As Neville Hobson says in his post, the best way to get the ‘powers that be’ to understand the value of social media is to get them on there themselves. Let them see for themselves the professional value that being on Twitter or LinkedIn can provide – as a way of networking, information gathering, profile raising, building trust. Once they understand that social media is not all about Justin Bieber and pictures of what you had for dinner, you will have their interest. Once they see how the companies and individuals they admire are using social media, they’ll start to want that for themselves and their company too.

As communications people, we have a duty to help the less social media savvy members of our organisation understand the value of social media. We flag up complaints, possible issues or negative feedback that people post about our organisation on social media. But are we as good at showcasing the positive interactions? You can understand why somebody only seeing the negative side of the picture would wonder: “why are we doing this?”

In the world of Local Government comms, we know, that when we answer a person’s question quickly, efficiently, and actually get their problem sorted out, they’re usually pleased. They’re happy that, with one tweet, they’ve managed to get their bin emptied, flytipping removed, streetlight fixed, whatever. Even the most frequent posters of complaints or issues on to a council’s social media accounts are only looking to have those issues dealt with, and when they are, usually there’ll be a “thanks”. Actually what they’re doing is being an active, engaged citizen, who cares about the place they live and likes to know that they only have to post a quick comment on Facebook, or a tweet, and that information will be passed on and dealt with. That’s pretty brilliant in anyone’s book.

Local authorities are not so worried about monetary ROI as the CEOs in Neville Hobson’s post. But of course time is precious, and everyone in the organisation wants to be sure that effort and resources are not wasted on anything which doesn’t demonstrate a true “value” of some sort.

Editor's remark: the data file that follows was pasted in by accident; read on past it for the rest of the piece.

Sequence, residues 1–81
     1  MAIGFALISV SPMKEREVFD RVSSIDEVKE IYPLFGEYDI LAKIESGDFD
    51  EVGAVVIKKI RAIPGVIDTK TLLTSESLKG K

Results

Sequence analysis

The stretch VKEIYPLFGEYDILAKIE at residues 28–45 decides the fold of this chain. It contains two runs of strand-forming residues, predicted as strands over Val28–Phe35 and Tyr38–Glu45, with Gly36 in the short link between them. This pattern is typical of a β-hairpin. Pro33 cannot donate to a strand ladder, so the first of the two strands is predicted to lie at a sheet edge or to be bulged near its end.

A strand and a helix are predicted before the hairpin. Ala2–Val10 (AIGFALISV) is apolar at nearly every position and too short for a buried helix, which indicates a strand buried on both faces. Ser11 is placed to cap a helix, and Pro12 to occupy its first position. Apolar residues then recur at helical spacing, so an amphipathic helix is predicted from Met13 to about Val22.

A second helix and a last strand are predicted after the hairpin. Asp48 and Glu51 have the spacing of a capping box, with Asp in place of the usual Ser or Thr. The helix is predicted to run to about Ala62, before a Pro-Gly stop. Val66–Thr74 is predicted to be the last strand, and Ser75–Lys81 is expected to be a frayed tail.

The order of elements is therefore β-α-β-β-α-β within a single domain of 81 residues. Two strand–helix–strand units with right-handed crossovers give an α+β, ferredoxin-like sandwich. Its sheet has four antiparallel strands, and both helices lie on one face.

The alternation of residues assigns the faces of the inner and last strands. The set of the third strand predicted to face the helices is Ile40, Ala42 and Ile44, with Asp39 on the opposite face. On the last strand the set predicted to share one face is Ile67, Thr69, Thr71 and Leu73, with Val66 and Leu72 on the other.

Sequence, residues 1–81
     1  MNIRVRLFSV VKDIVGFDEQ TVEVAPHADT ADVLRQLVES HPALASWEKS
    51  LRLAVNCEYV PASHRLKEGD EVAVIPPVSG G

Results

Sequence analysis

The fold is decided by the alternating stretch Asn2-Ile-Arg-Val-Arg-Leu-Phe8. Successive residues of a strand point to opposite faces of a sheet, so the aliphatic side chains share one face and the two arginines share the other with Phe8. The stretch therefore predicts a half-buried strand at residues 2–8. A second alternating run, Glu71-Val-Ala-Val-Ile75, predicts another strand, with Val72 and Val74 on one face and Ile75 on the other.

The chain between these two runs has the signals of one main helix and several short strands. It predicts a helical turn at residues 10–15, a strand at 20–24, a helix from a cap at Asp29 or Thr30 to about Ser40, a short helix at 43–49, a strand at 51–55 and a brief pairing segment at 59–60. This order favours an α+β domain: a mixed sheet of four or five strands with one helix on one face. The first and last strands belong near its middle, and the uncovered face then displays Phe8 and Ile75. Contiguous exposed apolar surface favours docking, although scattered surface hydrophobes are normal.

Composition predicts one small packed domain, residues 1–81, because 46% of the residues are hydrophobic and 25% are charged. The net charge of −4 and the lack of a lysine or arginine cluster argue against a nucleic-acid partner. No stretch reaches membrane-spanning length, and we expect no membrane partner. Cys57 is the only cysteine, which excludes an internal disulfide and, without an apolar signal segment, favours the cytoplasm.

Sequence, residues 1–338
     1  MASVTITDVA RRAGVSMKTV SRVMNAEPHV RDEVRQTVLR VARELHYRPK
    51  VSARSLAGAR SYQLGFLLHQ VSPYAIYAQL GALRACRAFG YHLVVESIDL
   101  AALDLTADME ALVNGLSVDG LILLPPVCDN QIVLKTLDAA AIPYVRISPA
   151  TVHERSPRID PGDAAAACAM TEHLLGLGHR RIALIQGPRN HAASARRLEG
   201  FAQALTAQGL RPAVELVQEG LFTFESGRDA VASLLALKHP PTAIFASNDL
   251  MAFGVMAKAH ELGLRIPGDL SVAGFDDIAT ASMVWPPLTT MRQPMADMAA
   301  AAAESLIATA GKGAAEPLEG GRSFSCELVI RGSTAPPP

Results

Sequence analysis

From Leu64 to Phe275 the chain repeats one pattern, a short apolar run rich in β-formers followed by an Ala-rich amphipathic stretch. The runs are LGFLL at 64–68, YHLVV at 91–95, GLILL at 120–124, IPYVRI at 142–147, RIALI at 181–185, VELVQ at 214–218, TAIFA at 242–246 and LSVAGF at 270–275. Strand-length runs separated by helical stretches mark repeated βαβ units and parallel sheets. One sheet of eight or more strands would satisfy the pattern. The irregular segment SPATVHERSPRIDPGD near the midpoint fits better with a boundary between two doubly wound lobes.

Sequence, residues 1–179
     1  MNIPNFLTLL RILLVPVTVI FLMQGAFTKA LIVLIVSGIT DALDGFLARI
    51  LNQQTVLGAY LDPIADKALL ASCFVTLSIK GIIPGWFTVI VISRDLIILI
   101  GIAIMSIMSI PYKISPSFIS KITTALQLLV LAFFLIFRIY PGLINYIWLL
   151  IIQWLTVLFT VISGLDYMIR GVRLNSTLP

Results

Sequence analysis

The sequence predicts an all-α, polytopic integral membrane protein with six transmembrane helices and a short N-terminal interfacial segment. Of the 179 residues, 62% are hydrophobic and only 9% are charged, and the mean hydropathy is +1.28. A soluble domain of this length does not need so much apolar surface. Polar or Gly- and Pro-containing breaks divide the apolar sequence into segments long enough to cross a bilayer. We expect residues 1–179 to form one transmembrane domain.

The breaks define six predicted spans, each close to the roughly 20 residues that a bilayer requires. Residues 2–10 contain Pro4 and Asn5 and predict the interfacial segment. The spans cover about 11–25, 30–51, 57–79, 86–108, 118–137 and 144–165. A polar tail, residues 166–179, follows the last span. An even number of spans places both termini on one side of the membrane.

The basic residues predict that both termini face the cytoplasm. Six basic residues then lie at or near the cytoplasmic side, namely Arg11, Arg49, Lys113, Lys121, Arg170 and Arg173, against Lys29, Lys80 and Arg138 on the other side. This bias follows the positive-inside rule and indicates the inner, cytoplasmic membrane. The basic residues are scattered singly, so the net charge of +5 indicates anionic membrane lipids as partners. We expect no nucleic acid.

So it’s important that when good things happen on social media, we’re sharing that with the people at the top, as well the less positive things. If we can get more of those positive examples noticed, that slightly intangible “value” of social media will start to be recognised more. It is about conversations, building relationships, and expanding customer service online into the places where our residents already are.

I’m sure there are far fewer social media sceptics at the top of organisations than there used to be – and comms has a vital role to play in helping the uninitiated understand what they’re missing out on. As for reputational risk – the risk of not using social media far outweighs the risk of doing so – it’s what your customers and stakeholders now expect of you.

It will soon be impossible to ignore the expectations of social media – if it isn’t already.

How the personal touch is selling t-shirts on Facebook

This advert popped into my Facebook newsfeed the other day:

Personalised Facebook Ad - It's A Melling Thing slogan t-shirt

It struck me as a really clever way to advertise – and it’s not surprising that it got plenty of shares, likes and comments, because it’s not only an advert, it’s a real talking point too, and something a little bit different.

It also goes to show how well you can target an audience with Facebook ads.

As well as all those shares and likes lots of the people who commented on the advert tagged family members in their comments, increasing the visibility of the ad even further.

All in all it’s not just an advert, it’s great content too.

And reading the comments was really interesting, as it became a kind of magnet for the Mellings of the world to say hello to each other and talk a little bit about their family history:

Comments on the It's A Melling Thing t-shirt advert

I would love to see the analytics at the end of this campaign, but suffice to say it’s going to be a hit.

Simple but effective, it is certainly something to think about when planning a Facebook advert campaign.

And there are a few Mellings on my side of the family who might even wake up to one of those T-shirts on Christmas morning!